China's factory activity contracted for the first time in 11 months, a private survey showed on Thursday, as output and new orders slowed and companies shed jobs.
The Caixin/Markit Manufacturing Purchasing Managers' index (PMI) fell to 49.6 in May, lower than a 50.1 forecast by analysts polled by Reuters and lower than April's 50.3.
A reading above 50.0 indicates expansion in manufacturing, and a reading below that level points to a contraction in activity.
The Shanghai Composite Index weakened after the data was released.
"Softer growth in output reflected a relatively muted increase in total new orders during May," Caixin and IHS Markit said in a joint press release.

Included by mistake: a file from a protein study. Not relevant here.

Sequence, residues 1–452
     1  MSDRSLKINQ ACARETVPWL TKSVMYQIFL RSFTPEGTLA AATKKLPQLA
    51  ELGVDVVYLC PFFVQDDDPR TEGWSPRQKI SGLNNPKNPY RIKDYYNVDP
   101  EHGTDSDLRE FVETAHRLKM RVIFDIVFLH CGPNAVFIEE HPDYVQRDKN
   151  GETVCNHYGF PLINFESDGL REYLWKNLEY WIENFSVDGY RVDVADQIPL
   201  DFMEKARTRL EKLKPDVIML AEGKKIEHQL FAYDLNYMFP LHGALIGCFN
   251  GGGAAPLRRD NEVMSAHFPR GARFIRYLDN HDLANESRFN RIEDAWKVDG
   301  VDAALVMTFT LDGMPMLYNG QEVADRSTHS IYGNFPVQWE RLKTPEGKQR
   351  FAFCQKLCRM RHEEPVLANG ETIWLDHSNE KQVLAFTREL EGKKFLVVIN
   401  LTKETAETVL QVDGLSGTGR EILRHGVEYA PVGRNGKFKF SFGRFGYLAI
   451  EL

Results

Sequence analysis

"Furthermore, growth in new order books was also the slowest seen since the current upturn began in July 2016. Data indicated that customer demand was relatively subdued both at home and overseas, with new export sales rising at a similarly marginal pace," it added.
The contraction in Caixin's PMI reading contrasted with an official reading released on Thursday, which showed PMI for the month of May came in at 51.2 — higher than the 51.0 expected and even with 51.2 in April. Meanwhile, China's official services PMI rose to 54.5 in May from 54.0 in April.
Compared with the official PMI, the Caixin/Markit survey tends to focus more on small- and mid-sized manufacturers, suggesting that smaller firms are under more pressure than their larger, state-backed peers.
"China's manufacturing sector has come under greater pressure in May and the economy is clearly on a downward trajectory," said Zhengsheng Zhong, macroeconomic analysis director at CEBM Group, a Caixin subsidiary.